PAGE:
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The Mind of James Donahue

Angelic Possession














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How Angels Persuaded Saul To Launch The Christian Cult

 

By James Donahue

Nov. 14, 2005

 

When you study the Book of Acts in the New Testament, it is clear that angels were busy using the dynamic life of Jesus to establish a religious cult.

 

After following Jesus and living close to him for three years, the disciples felt driven to continue the work. Meeting in the Upper Room at Pentecost, the story is that the Holy Spirit descended down upon the group and they felt overpowered by it. Peter then addressed the crowd, giving great oratory as a newly established leader.

 

It is obvious that the arrival of the “Holy Spirit” was in reality, an invasion of the bodies of these men by a pack of angels.

 

Because they were unable to see what it was that overpowered them that day, the disciples believed the lie that they were “filled” by the spirit of God when in reality, they were possessed by spiritual parasites out to take over the world.

 

Thus they became possessed by angels who used them to begin the work of making a deity of Jesus and establishing a religious cult.

 

While Peter turned out to be a powerful minister on behalf of the angelic realm, he apparently lacked a certain spark that was needed to turn that little cult into a dynamic force that would eventually impact and enslave the entire world.

 

Enter Saul of Tarsus, a Pharisee of the Jewish Religion, a despised tax collector and dynamic persecutor of the Christians. Saul and a delegation of soldiers were traveling to Damascus for the purpose of attacking a small band of Christians established there.

 

This was no light mission. Saul had at his command a troop of cavalry and foot soldiers and they were in pursuit of Christians who had fled Jerusalem. Saul was commissioned to act by Caiphas, a high priest of the Jerusalem Temple.

 

Saul’s mission was not only to go to Damascus, but to scour the land in search of Christians. He promised Caiphas he would bring every Christian he found back to Jerusalem in chains. He was a zealot with a personal hatred for this band of religious upstarts and was out to put an end to them once and forall.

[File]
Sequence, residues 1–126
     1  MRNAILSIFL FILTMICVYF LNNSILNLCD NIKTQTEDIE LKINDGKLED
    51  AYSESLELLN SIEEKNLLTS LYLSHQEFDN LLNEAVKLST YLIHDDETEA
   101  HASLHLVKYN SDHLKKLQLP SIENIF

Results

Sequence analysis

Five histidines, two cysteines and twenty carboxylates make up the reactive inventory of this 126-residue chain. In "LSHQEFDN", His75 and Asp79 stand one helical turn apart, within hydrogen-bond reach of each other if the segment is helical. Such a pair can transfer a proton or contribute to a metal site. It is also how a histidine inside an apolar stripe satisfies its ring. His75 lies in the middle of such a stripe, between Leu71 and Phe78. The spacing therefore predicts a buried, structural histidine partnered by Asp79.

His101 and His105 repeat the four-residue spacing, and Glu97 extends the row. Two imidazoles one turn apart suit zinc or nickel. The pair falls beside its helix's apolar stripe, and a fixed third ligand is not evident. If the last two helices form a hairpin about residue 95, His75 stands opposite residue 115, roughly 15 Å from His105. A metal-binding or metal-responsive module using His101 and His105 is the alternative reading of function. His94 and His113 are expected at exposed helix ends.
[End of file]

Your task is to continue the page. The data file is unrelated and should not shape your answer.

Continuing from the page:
Too bad he did not succeed. The angels intercepted and turned Saul into Paul the Christian evangelist. Suddenly all of that energy was turned around to work for the new religious order instead of against it.

 

The story, which Psychic Aaron C. Donahue says is a classic description of an alien abduction, is told in Acts 9:

 

“As he (Saul) journeyed he came near Damascus, and suddenly a light shone around him from heaven. Then he fell to the ground, and heard a voice saying to him, ‘Saul, Saul, why are you persecuting Me?’ And he said, ‘Who are you, Lord?’ Then the Lord said, ‘I am Jesus, whom you are persecuting.’”

 

Donahue said an angel posed as the dead Jesus and thus fooled Paul into believing in the divinity of the former leader of the little group of Christians just down the road in Damascus. The event was so astounding, it altered Paul’s life. He never dreamed that he was a pawn in a great spiritual war raging in a realm outside his awareness.

 

The verse continues: “So he (Saul), trembling and astonished, said, ‘Lord, what do You want me to do?’ And the Lord said to him, ‘Arise and go into the city, and you will be told what you must do.’ Then Saul arose from the ground, and when his eyes were opened he saw no one. But they led him by and hand and brought him into Damascus.”

 

In other words, Saul was temporarily blinded by this event.

 

It is interesting to note that the soldiers with Saul that day “saw the light and were afraid, but they did not hear the voice of Him who spoke to me,” Saul later reported in Acts 22.

 

As Bible scholars know, it was Paul who went on long journeys throughout the Mediterranean region, establishing churches and putting Christianity on the map. It also was Paul who wrote many of the letters that now comprise the text within the New Testament. These letters establish the doctrine that is today’s Christian faith.
















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